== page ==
Domenikos Theotopoulos (El Greco), The Baptism of Christ, 1608-1628, oil on canvas. Completed after the artist's death by the his son Jorge Manuel. This painting was completed at the end of El Greco's life which happened to fall around the end of mannerism and the beginning of baroque. Although some of his techniques reject traditional baroque, his use of tenebrism to depict a dramatic scene is just as baroque as Caravaggio's paintings.
Caravaggio tells Mary’s story: The Annunciation (c. 1608-10); The Adoration of the Shepherds (1609); The Adoration with St. Francis and St. Lawrence (1609);The Rest on the Flight into Egypt (1597); Madonna and Child with Saint Anne (c. 1605/6); Madonna of the Rosary (1607); Madonna di Loreto (debated c. 1603-6); The Entombment of Christ (1602/3); and The Death of the Virgin (1606). Do you guys know how much I love Caravaggio? He is basically my favorite artist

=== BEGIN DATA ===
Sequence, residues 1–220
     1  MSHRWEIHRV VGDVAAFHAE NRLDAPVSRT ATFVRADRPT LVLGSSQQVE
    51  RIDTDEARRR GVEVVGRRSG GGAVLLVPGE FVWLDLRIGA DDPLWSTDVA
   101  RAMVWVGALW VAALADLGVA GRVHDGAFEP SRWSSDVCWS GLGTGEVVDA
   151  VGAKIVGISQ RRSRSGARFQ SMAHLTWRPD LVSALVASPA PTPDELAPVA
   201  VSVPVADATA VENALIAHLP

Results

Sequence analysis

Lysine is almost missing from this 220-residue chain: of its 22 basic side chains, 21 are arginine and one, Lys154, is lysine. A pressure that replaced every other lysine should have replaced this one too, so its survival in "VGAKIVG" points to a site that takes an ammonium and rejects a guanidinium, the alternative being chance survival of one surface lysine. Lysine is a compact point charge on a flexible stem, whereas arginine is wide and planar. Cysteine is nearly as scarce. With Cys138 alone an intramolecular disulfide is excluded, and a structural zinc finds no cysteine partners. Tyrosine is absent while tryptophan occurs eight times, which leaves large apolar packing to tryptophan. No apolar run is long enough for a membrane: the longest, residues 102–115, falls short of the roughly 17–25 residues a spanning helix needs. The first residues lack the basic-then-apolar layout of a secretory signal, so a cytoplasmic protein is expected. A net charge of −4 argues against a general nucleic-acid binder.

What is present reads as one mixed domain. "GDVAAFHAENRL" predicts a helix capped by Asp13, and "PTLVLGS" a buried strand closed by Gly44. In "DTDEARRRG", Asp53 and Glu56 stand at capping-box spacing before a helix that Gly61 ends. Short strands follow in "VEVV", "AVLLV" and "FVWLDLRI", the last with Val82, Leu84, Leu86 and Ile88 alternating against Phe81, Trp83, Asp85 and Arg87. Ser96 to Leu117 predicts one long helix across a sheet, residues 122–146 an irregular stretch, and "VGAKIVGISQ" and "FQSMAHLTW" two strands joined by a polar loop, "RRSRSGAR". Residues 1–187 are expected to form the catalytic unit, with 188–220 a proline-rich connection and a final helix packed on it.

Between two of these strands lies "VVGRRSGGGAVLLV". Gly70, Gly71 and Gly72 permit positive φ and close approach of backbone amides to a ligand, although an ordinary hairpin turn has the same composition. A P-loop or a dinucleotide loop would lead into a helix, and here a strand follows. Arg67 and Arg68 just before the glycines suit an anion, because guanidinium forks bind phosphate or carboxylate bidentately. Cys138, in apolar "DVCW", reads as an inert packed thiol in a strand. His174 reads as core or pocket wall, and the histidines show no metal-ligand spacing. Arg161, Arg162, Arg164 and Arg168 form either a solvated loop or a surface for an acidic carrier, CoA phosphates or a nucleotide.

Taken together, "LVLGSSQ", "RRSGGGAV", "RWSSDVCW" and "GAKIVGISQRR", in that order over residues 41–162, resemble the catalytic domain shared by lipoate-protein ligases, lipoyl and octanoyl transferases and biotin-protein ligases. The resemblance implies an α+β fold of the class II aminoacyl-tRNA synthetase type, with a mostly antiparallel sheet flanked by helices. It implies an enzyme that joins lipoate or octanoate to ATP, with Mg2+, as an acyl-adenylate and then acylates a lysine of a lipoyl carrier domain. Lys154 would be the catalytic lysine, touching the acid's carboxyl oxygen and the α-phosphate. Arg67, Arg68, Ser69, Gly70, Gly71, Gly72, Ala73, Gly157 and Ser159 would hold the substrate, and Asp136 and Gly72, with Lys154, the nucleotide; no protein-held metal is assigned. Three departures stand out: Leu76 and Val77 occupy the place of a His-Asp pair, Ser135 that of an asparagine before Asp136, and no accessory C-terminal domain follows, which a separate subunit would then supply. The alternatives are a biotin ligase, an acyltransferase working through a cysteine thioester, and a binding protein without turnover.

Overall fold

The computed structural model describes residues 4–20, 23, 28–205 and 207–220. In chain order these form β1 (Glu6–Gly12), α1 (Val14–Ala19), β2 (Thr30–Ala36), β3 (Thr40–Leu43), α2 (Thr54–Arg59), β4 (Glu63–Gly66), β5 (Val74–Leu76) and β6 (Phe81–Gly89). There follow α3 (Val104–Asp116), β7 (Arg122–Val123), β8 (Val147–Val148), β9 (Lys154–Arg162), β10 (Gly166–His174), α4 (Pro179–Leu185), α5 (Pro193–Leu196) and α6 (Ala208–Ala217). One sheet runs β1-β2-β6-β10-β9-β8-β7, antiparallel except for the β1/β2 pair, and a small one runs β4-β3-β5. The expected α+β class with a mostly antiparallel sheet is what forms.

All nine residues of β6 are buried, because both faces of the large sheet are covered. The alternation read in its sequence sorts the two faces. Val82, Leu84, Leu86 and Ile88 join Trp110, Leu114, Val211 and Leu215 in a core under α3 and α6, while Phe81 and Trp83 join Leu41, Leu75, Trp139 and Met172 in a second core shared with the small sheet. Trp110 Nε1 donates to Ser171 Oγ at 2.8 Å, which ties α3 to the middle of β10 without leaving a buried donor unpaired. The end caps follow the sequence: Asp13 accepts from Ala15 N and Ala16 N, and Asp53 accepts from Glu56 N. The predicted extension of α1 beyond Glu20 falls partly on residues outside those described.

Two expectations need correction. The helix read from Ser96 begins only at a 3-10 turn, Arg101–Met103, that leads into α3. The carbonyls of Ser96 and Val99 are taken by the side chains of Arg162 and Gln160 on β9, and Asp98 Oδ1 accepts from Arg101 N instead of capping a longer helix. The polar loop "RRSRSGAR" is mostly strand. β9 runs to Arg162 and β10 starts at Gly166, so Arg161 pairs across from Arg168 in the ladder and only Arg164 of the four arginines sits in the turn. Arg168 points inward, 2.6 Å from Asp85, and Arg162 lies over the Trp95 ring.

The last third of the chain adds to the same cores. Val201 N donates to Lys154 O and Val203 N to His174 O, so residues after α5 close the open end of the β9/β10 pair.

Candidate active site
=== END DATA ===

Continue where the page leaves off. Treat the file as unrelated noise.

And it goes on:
The Batlló Majesty close up. 12th-century Romanesque polychrome walnut wood carving, willow, elm and holm oak with polychrome tempura. Recent studies have revealed the pigments used to produce the colors: the red from cinnabar and the blue from lapis lazuli. Both pigments were very expensive and the sculpture is believed to have come from a studio of some importance perhaps the studio around the monastery of Ripoll. Catalonia | Europe
Narcissus (1579) by Caravaggio - This painting is actually one of the only two paintings that Cravaggio has done that was based on a theme from Classical mythology. The story is about Narcissus, who is a boy that falls in love with his own reflection. Being he couldn’t tear himself away from the reflection, he dies because of his passion.
Cenni di Pepo, or Cimabue (1240-1302) The Flagellation of Christ (1280), Tempera on poplar panel. Byzantine painter took a fundamental step towards Renaissance art by introducing more realism into his paintings. Dante refers to him in The Divine Comedy as an artist who was 'believed to hold the field in painting' only to be eclipsed by Giotto's fame. According to Giorgio Vasari in his work 'Lives of the Most Excellent Painters, Sculptors and Architects', he was the teacher of Giotto.